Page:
Living with Lucy Part 1

By Linda Gainey Smock

Lucy is a mean girl.

Oh, I know, not all girls named Lucy are mean. In fact, I have a friend named Lucy who is one of the sweetest, nicest people I know.

Still, the girl named Lucy that lives with me is a mean girl. What’s more, I didn’t even invite her to live with me. She just gradually moved in and has never left. I’ve tried to kick her out, but to no avail! I even tried killing her with kindness, but that didn’t work either.

No fun way to live

What makes her so mean, you ask? Well, she robs me. Yes, steals from me! I’ve tried hard to control her, but she keeps grabbing things I need and hiding them so I can’t find them. What’s more, she could not care less how I feel. She does whatever she can to make me feel bad. We fight all the time, and you can see the black and blue marks that she leaves on me. I don’t think I have ever left a mark on her. She’s too tough. Mean, I tell you, mean!

Living with Lucy is not a fun way to live, but I make the best of it. More on that later, but right now, let me introduce you to Lucy.

Lucy leukemia

Friend, meet Lucy Leukemia. She lives inside my body and has made herself a part of my blood and lymph system. I can’t filter her out. Currently, I’m using targeted therapy pills (chemo) to partially control her. She’s part of a big family of blood cancers. The most common of all Leukemias is Chronic Lymphoma/Leukemia.

Lucy is similar, a non-identical twin. She’s a Small Cell Lymphoma/Leukemia. Both are slow-growing blood cancers, and about 90% of the people who get them never need treatment.

There are several other kinds of leukemias, but generally, if it is described as Acute, it’s a fast grower. If its name includes Chronic, it’s slow-growing cancer.

A cancer of the immune system

So, let’s talk about the one that I must live with, the one I call Lucy Leukemia. She’s a mean girl like I told you before. Thankfully, she’s not as mean as some of her cousins, however. Those Acute cousins are the meanest. They are downright cruel some of the time.

The simplest way to describe Lucy is a cancer of the immune system. She affects the blood cells that fight infections, known by hematologists as the B-cells. This is true of leukemia that lives with me, Small Cell Lymphoma/Leukemia, and the more common non-identical twin, Chronic Lymphoma/Leukemia. The difference is where they are located in the body. With Small cells, the cancer cells are mainly in the lymph nodes. In the Chronic, most of the cancer cells are in the blood and bone marrow.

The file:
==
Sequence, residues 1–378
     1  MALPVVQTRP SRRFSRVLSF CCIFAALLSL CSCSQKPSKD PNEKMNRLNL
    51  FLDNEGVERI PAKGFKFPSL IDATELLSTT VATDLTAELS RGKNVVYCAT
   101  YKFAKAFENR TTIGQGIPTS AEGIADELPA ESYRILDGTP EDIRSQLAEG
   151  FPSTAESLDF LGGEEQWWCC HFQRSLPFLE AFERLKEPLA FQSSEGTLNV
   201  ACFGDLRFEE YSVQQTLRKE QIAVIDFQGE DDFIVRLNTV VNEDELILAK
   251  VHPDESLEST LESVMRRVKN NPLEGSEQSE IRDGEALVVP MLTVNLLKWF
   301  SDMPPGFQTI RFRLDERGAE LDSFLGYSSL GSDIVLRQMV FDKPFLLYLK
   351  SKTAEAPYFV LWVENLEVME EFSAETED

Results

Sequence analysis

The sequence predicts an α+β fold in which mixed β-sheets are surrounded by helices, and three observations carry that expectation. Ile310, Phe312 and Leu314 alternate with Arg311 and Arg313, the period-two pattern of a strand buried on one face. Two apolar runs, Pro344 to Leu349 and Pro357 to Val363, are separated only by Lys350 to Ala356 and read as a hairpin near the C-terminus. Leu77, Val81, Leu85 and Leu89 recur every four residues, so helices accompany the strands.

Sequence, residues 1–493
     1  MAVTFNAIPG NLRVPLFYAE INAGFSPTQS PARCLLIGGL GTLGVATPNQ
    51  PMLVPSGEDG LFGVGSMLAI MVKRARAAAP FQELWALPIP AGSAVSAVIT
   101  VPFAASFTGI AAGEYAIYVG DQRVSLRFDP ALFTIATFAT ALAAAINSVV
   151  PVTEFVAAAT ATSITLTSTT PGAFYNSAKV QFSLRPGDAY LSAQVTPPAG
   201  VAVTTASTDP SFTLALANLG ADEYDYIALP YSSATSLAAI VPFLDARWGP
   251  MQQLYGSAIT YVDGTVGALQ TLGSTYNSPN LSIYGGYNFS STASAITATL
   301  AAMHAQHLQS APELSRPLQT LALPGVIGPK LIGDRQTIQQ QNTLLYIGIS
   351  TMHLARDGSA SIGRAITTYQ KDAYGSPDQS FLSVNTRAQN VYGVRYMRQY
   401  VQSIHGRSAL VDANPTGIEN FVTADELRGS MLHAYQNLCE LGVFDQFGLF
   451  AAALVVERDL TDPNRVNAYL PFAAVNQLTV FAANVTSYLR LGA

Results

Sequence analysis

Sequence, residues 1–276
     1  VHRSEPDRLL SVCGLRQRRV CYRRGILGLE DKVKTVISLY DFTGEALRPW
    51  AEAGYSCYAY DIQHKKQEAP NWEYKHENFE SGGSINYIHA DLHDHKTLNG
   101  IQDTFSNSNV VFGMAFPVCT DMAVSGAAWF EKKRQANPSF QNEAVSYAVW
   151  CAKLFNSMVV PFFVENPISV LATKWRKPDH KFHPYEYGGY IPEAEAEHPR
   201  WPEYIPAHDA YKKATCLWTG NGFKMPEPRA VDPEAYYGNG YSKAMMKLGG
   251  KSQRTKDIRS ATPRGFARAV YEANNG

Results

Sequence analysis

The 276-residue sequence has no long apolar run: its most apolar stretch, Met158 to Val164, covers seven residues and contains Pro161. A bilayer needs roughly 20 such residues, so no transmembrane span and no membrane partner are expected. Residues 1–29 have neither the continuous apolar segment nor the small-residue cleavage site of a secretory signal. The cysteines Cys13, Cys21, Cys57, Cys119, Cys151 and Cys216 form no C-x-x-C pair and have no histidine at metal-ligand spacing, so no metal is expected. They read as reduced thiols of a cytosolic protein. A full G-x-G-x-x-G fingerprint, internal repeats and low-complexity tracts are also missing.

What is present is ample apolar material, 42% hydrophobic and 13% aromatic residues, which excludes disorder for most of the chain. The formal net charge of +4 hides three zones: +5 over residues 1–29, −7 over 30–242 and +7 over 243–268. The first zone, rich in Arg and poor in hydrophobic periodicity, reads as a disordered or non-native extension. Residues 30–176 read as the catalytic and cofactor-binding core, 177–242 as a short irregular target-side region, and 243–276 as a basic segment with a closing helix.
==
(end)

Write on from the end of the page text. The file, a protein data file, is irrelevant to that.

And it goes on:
Lucy was affecting my nerves

When did she move in with me? I don’t really know. About 2012, I became aware of problems with my feet including peripheral neuropathy, and I know now that was likely because Lucy was affecting my nerves. In about 2013, I started having GI problems that were probably caused by her manipulating my blood cells to work incorrectly. In 2015, a friend noticed I had a swollen lymph node. I was checked out and had a biopsy of that lymph node at the base of my skull. I just thought it was going to be nothing, swollen because of a sinus infection, or perhaps protruding a little because I had purposefully lost some weight. But the surgeon walked into the room and said, “Well, this didn’t turn out the way we expected it to.” That was a big hint that the “C” word was going to be involved! He told me that if I had to have cancer, it was the best type to have because 90% of the people with it never needed treatment.

Read Part 2 here!

This article represents the opinions, thoughts, and experiences of the author; none of this content has been paid for by any advertiser. The team does not recommend or endorse any products or treatments discussed herein. Learn more about how we maintain editorial integrity here.

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